Liverpool Biennial 2023 Seeks Slave Trade Reckoning

Source Credit:  Content and images from Ocula Magazine.  Read the original article - https://ocula.com/magazine/art-news/liverpool-biennial-2023-slave-trade-reckoning/

The event’s theme is ‘uMoya’, an isiZulu word whose meanings include ‘wind’. Sailing ships from Liverpool brought around 1.5 million slaves to the UK in the 18th century.

Liverpool Biennial 2023 Seeks Slave Trade Reckoning

Antonio Obá, At the gates of Paradise (2020). Courtesy the artist and Liverpool Biennial.

Artists including Torkwase Dyson, Antonio Obá, and Brook Andrew will respond to the theme ‘uMoya: The Sacred Return of Lost Things’ when the Liverpool Biennial returns from 10 June to 17 September 2023.

‘uMoya’ means spirit, breath, air, climate and wind in isiZulu, the language of the Zulu people, who mostly inhabit South Africa.

Curator Khanyisile Mbongwa observed that while ‘wind often represents the fleeting and transient, the elusive and intangible’, it has an enduring legacy in the historic port city.

Liverpool Biennial curator Khanyisile Mbongwa. Tatyana Levana Photography. Cape Town, South Africa.

Liverpool Biennial curator Khanyisile Mbongwa. Tatyana Levana Photography. Cape Town, South Africa.

‘I remember my first moment standing at the docks in Liverpool and feeling the wind in my bones,’ she said. ‘The same wind that made Liverpool the epicentre for the trade of enslaved people and a city that built itself through each “merchant” ship’.

‘How can this wind redraw the lines of cartography as pathways for a reckoning to occur?’ she asked, and ‘how can it gesture towards healing through implementing systems of care that would allow for a sacred return?’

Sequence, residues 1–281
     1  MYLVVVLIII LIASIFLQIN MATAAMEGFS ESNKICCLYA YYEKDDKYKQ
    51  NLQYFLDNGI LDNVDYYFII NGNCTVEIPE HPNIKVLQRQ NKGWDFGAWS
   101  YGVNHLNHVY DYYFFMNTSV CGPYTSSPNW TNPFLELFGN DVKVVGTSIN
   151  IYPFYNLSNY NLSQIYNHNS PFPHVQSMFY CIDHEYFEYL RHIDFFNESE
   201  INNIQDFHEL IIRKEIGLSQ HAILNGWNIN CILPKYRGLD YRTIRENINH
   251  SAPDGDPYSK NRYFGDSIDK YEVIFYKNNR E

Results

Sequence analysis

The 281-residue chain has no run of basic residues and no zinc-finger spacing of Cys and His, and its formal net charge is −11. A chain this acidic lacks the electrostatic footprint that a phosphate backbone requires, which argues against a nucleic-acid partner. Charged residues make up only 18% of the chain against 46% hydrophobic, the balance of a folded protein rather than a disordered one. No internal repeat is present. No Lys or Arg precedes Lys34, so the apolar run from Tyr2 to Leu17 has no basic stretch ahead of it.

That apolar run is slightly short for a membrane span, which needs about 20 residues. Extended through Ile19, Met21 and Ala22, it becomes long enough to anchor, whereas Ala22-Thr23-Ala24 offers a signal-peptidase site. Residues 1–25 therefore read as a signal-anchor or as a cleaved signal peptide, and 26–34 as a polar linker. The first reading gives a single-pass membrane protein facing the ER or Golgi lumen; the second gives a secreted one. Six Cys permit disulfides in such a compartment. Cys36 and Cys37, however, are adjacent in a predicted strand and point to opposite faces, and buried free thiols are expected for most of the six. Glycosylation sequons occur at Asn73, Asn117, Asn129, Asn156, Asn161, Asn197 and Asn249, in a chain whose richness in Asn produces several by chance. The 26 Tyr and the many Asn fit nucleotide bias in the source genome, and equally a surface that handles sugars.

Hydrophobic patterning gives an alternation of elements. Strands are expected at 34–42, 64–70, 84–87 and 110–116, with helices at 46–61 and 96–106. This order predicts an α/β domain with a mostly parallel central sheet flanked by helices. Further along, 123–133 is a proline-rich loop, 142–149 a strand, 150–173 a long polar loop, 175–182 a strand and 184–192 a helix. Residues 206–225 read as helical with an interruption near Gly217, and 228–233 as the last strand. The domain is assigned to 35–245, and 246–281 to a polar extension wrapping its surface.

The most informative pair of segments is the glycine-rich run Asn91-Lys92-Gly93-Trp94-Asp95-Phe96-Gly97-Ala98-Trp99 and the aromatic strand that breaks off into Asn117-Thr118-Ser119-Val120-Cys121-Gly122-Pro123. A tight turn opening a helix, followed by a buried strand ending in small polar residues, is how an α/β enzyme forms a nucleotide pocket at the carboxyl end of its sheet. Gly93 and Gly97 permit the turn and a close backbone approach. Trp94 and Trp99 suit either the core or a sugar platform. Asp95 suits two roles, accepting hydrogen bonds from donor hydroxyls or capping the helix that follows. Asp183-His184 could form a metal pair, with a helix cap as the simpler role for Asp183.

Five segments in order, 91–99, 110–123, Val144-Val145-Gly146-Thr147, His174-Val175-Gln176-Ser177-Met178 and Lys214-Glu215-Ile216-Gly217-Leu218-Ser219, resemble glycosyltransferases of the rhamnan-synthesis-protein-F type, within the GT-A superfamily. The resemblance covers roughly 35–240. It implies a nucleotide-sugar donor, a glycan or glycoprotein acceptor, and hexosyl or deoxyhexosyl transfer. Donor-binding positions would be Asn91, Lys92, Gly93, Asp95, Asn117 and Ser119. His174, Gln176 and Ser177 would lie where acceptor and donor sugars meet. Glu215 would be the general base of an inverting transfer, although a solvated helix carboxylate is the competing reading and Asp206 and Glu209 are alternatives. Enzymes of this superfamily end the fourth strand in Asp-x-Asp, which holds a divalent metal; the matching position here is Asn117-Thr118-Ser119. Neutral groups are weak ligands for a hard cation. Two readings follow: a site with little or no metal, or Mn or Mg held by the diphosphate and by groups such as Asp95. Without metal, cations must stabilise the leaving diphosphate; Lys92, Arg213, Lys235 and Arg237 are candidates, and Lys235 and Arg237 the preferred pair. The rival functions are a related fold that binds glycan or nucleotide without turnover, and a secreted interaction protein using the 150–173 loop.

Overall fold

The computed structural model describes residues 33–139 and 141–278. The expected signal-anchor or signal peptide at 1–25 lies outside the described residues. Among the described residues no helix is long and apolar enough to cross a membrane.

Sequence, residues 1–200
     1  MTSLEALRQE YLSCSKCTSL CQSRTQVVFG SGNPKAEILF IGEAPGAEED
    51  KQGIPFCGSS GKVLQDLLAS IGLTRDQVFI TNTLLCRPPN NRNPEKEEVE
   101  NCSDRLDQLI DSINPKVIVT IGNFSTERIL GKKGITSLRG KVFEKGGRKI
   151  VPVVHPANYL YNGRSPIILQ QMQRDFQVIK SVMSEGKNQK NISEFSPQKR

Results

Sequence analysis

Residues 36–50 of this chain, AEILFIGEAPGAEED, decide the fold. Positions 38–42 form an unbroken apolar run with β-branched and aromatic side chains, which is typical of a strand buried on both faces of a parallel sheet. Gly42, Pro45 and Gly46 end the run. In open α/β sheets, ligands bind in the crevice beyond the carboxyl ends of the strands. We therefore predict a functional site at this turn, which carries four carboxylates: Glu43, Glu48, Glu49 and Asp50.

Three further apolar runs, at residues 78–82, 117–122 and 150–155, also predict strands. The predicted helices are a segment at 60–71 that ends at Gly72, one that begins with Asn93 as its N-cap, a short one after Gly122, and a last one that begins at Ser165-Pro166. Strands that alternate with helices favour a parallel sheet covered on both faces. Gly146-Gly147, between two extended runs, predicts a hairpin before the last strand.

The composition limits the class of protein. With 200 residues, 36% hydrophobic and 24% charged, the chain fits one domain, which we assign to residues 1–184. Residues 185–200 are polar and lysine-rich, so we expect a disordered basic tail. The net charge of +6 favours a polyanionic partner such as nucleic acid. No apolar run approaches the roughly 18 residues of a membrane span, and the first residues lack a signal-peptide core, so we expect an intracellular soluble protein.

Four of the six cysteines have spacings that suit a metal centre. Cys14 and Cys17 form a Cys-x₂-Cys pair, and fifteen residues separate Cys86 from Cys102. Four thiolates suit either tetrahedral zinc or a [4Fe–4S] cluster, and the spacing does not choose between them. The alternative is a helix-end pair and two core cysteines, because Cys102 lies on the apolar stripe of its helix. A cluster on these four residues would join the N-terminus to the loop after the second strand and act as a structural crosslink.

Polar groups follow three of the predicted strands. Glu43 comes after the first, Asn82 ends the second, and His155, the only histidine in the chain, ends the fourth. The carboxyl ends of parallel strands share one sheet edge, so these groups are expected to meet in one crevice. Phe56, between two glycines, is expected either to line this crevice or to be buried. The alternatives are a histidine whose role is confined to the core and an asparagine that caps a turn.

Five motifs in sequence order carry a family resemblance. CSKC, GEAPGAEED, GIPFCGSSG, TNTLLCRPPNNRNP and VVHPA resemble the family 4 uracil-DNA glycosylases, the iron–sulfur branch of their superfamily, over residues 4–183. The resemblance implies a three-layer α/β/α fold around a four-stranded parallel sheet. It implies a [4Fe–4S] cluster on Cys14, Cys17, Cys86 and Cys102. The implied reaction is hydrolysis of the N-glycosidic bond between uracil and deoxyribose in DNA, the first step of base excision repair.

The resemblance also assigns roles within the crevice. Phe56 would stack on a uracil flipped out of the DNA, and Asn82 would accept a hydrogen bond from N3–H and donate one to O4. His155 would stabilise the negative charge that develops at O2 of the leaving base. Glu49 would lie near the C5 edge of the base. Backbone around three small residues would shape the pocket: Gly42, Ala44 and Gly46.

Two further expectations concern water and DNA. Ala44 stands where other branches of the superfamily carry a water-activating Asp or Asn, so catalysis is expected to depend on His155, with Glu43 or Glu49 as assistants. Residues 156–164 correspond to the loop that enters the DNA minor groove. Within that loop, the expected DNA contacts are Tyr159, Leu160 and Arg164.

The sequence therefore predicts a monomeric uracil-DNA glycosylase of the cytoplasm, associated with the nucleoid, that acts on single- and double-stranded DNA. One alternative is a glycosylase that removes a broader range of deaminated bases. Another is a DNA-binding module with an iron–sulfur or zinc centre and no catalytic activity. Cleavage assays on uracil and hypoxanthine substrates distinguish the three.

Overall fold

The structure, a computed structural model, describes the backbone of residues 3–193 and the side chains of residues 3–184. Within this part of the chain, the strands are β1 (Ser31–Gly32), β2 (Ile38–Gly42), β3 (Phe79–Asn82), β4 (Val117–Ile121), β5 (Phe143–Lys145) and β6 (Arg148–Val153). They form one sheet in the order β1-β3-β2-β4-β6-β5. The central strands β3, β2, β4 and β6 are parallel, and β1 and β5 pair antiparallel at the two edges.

The Biennial calls for the restoration of ancestral and indigenous forms of knowledge once lost or stolen.

Nicholas Galanin, Shadow on the Land, an Excavation and Bush Burial (2020).

Nicholas Galanin, Shadow on the Land, an Excavation and Bush Burial (2020). Courtesy the artist. Photograph by Alex Robinson.

Among the artists taking part are Antonio Obá, whose artworks highlight historically marginalised black identities in Brazil; French-Caribbean poet, artist, and 2021 BMW Art Journey winner Julien Creuzet; Alaskan Indigenous artist Nicholas Galanin, who dug a grave for Sydney’s statue of Captain Cook during the 2020 Biennale of Sydney; and interdisciplinary African American artist Torkwase Dyson.

Colombian artist Gala Porras-Kim and Australian Aboriginal artist Brook Andrew, both of whom have staged museum interventions addressing colonial themes, will also take part in the Biennial, as will Capetown disability-inclusive dance company Unmute Dance Theatre.

‘The geographical breadth of artists will provide new perspectives on our city that acknowledge its past and continued effects on the world and suggests new modes of repair, freedom and joy,’ said the Biennial’s Director, Sam Lackey.

Shannon Alonzo, Washerwoman (2018).

Shannon Alonzo, Washerwoman (2018). Courtesy Shannon Alonzo. Photograph by Kibwe Brathwaite.

Celebrating its 25th anniversary this year, the Liverpool Biennial is one of the largest free contemporary art festivals in the UK. In 2023 it will again take over historic buildings, public spaces, and cultural venues across the city with a programme of public exhibitions, performances, film screenings, and community events.

Participating venues include the Tate Liverpool, The University of Liverpool’s Victoria Gallery & Museum, The Bluecoat, Open Eye Gallery, and institutions under the umbrella of National Museums Liverpool. —[O]

Source Credit:  Content and images from Ocula Magazine.  Read the original article - https://ocula.com/magazine/art-news/liverpool-biennial-2023-slave-trade-reckoning/